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First in State

By Olivia Pool

Thursday, July 26, 2007

Gibbs acquires first S.C. video art installation

Janet Biggs' video installation 'Like Tears in Rain' joins the Gibbes' collection as the first video art object acquired by a museum in the state of South Carolina.

Currently installed in the art museum's Rotunda Gallery through Aug. 12, 'Like Tears in Rain' combines large scale footage of the Citadel's elite Summerall Guard drill team with a champion equestrian who has been blind from early youth.

'Juxtaposed beside these images is a video of captive polar bears swimming repetitively in their small pool,' says Marla Loftus, director of communications at the Gibbes Museum. 'At first glance one may be unsettled by the intensity and divergence of the imagery in ‘Like Tears in Rain,' but upon further contemplation the viewer recognizes the obsessive commitment involved in the choices we make and the frustration that is instinctive in all living creatures to have mastery over free will.'

A trained equestrian and equestrian instructor, Biggs earned a Bachelor of Fine Arts from the Moore College of Art in Philadelphia and completed graduate work at the Rhode Island School of Design. She is formally trained in painting and sculpture and began exploring video and new media in the early 1990s.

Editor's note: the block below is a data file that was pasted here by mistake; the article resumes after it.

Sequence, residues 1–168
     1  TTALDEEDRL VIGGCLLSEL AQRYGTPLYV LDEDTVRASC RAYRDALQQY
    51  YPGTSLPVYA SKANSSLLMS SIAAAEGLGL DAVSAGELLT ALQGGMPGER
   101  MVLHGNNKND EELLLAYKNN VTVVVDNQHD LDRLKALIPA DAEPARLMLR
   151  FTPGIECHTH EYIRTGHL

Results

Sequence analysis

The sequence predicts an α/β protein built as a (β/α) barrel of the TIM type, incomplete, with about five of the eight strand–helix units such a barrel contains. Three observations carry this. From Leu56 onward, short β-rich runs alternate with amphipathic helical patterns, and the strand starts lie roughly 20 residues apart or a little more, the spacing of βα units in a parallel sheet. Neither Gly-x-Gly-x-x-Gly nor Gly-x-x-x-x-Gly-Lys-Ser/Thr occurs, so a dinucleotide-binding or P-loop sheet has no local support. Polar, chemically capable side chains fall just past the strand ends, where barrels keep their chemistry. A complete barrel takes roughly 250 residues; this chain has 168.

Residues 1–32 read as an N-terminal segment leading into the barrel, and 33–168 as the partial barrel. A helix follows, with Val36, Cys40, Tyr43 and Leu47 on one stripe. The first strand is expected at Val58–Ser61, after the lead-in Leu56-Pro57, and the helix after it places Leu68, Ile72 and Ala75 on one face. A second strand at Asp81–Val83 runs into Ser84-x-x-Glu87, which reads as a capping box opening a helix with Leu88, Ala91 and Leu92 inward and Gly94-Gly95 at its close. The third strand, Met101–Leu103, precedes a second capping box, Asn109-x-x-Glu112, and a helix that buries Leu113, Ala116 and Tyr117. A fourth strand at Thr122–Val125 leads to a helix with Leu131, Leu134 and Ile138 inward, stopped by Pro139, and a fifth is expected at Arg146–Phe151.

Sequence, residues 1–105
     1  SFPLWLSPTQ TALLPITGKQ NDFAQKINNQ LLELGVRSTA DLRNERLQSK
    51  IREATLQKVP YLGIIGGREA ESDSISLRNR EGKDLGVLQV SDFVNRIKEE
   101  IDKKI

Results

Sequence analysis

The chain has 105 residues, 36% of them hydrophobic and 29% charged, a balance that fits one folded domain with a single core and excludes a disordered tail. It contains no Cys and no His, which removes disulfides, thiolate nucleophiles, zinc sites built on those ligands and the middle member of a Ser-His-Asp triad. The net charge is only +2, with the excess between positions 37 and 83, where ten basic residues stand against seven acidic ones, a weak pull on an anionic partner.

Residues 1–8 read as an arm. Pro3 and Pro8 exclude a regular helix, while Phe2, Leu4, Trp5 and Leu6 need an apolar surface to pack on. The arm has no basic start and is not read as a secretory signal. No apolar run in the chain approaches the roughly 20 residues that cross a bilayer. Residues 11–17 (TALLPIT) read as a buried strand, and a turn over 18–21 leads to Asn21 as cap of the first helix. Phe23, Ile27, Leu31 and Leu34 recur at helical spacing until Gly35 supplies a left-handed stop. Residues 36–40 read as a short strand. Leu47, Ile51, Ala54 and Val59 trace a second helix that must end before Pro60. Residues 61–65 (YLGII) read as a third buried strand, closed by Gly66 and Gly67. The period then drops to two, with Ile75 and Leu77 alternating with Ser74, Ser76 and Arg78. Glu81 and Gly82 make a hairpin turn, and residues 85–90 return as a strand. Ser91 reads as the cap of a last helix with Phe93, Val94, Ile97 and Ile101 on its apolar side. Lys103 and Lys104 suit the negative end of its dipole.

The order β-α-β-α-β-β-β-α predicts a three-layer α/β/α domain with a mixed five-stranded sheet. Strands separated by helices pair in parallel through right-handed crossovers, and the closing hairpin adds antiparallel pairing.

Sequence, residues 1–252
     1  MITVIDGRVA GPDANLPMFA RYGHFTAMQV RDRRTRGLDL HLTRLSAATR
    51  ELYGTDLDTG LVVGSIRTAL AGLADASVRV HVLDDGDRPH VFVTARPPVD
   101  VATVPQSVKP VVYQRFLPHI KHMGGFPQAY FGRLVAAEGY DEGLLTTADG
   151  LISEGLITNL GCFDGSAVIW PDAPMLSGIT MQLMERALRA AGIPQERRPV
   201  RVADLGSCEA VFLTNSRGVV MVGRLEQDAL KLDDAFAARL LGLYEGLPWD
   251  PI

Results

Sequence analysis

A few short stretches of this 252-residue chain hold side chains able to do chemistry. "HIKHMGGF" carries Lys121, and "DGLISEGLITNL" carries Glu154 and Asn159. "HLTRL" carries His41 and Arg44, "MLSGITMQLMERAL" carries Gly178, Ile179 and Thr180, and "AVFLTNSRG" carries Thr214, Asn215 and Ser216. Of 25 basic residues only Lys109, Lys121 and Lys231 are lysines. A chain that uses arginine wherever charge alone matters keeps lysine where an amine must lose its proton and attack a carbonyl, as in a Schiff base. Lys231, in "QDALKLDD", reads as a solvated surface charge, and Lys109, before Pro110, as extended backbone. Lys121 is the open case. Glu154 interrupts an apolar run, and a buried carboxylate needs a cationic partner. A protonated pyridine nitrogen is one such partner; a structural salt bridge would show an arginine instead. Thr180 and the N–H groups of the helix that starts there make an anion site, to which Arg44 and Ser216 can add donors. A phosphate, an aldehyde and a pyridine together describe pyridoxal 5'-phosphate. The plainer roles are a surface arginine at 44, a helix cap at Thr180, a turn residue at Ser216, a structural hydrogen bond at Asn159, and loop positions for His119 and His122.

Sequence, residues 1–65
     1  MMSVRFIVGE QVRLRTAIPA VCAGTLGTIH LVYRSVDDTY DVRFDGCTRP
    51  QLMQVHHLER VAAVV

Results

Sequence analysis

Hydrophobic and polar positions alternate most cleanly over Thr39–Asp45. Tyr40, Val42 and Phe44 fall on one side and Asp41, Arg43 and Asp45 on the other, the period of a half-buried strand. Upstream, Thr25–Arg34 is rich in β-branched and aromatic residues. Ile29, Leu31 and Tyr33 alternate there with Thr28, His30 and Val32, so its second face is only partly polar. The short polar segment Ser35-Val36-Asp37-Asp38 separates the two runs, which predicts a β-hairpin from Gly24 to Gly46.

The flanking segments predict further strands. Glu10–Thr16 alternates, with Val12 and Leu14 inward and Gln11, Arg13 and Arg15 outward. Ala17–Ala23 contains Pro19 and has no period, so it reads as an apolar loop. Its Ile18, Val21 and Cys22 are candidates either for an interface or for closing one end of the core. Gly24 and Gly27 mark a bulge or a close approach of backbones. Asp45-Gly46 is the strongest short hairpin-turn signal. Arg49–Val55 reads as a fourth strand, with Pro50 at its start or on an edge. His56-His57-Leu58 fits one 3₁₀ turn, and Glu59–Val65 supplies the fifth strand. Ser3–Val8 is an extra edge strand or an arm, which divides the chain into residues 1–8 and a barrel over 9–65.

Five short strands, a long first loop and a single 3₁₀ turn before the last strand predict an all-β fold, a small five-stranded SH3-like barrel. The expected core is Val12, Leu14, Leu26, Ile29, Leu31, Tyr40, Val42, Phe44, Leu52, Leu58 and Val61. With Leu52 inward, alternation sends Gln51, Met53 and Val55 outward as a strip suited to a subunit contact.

Biggs has exhibited at numerous institutions throughout the United States and abroad including the Aldrich Contemporary Art Museum, the Santa Fe Art Institute, the Herbert F. Johnson Museum of Art at Cornell University and the San Francisco Art Institute.

'The Gibbes Museum of Art is an institution equally devoted to collecting the art of our past and promoting art of our time, so it was only fitting that we embrace work that utilizes new media,' says Todd Smith, executive director at the Gibbes. 'The icing on the cake for this particular acquisition was the inextricable connection that this work has with the historical legacy of one of the Lowcountry's prime institutions, the Citadel.'

Loftus explains that video art traces its origins to the pioneering work of artists Nam June Paik, Bill Viola and Bruce Naumann, who introduced video technologies into their sculptural and room-sized installations in the 1960s and 1970s. With the emergence of more portable video technology in the 1980s, many traditionally trained artists began to experiment with video as an additional means for bringing their vision to fruition.

By the 1990s, video art had taken a pre-eminent place in the art world at galleries and museum exhibitions. For leading-edge artists, video allows freedom of expression that can incorporate moving imagery, sound, narrative and anti-narrative strategies.

Visit the Gibbes Museum at 135 Meeting St. or call 722-2706 for more information.

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